I'm a novice bread baker with few aspirations---an occasional nice loaf is all I seek. I've been very successful with the Test Kitchen 'Almost No-Knead' bread, sometimes plain, sometimes with olives.
My last couple of loaves have been substandard. Too dense, less rise. I always replenish my all purpose flour container with whatever's available and convenient. Sometimes Heckers, sometimes Pillsbury and most recently a supermarket branded bleached flour (on sale dirt cheap).
Is this the problem? Is cheap flour inferior enough to perform notably poorly?
If the answer is 'well, duh, that's why the good stuff costs twice as much' then I guess I feel kind of stupid. But that's why I'm asking.
I also doubt that your cheap flour is the problem here although cheap flour especially bleached flour has less protein and gluten that higher quality.
The good stuff cost twice as much because it is twice as good. Made with better quality wheat, prepared,cleaned and milled with more care.
Good info from all responses. Thank you. On general principle I will go the extra couple of $$ for better flour.
And I'll check my yeast. It's SAF Red Instant Yeast from King Arthur and I've been working from this jar for months. I'd divided it and stashed a bunch in the freezer. Might be time to pull that out.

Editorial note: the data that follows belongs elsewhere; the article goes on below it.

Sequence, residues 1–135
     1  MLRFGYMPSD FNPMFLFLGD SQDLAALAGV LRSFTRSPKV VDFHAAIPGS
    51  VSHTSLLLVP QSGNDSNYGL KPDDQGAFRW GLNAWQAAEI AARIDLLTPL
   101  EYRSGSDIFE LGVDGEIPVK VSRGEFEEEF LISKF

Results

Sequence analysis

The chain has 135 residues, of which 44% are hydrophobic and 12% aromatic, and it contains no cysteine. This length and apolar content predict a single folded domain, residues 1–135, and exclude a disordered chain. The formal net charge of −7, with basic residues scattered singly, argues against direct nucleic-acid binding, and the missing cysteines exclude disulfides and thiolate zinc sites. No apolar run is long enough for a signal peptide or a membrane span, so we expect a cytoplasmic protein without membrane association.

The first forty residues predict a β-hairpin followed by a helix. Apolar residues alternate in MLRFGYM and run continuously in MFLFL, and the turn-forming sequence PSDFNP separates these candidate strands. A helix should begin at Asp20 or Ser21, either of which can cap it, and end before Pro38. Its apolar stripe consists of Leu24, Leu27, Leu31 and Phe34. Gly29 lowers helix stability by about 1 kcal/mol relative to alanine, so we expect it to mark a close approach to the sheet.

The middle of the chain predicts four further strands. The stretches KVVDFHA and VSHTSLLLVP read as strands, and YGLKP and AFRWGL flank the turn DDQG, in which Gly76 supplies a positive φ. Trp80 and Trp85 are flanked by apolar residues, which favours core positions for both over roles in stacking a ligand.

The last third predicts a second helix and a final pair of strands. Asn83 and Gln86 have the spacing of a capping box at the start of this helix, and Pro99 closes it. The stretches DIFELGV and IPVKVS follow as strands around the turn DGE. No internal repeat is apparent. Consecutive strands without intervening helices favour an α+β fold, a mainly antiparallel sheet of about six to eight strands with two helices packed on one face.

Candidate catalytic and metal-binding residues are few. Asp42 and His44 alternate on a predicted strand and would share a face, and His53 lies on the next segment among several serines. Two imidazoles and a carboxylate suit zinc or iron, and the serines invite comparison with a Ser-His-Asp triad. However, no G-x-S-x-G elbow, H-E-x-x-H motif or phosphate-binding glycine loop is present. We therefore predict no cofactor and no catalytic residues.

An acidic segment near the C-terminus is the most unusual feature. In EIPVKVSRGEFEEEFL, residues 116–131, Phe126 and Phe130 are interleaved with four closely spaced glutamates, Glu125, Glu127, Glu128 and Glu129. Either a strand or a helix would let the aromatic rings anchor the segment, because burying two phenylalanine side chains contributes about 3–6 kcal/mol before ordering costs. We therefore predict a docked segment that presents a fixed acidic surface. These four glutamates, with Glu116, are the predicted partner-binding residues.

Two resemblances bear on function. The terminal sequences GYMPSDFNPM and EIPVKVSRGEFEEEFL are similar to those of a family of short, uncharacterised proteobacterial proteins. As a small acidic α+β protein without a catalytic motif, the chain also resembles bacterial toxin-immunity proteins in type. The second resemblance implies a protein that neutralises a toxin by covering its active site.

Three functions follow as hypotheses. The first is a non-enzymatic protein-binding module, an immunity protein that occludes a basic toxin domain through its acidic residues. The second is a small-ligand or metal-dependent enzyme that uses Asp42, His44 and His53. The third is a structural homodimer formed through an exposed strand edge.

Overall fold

No question is stupid. As a chef I look at baking as chemistry and cooking as more of an art. With that said there will be performance differences in all your ingredients. The most important thing is to be consistant. Always use the same ingredients and vary the amounts until you achieve your desired end. Take into considerationthe altitude, humidity, bakeware and oven capacity as well. When you have exhausted all the your possibilities, and you are still not happy with your bread then change one item and start over.
Thanks for the response. All other things are equal---it's all right here in my kitchen with a pretty consistent recipe. However there are the issues of NYC apartment winter vs. summer humidity, both environmental and in the flour product. I'm not baking often enough to really do incremental experiments. However if it makes sense to choose one flour and stick with it, that I can do.
I have had excellent results with "cheap" flours as far as density and rise (taste is another story) so I don't think that is your problem.
You might try sifting the flour first, cheaper flour can be compact.
Also, the problem might be your yeast (not the flour at all) so try another brand if you haven't already done so. Proof it to make sure it is working properly. Get it nice and foamy.
Make sure you knead it enough to develop gluten. If I have a recipe that is turning out consistently denser loaves than I think it should- I let it rise a third time. More rise means finer texture -and that can be "diagnostic" to your problem.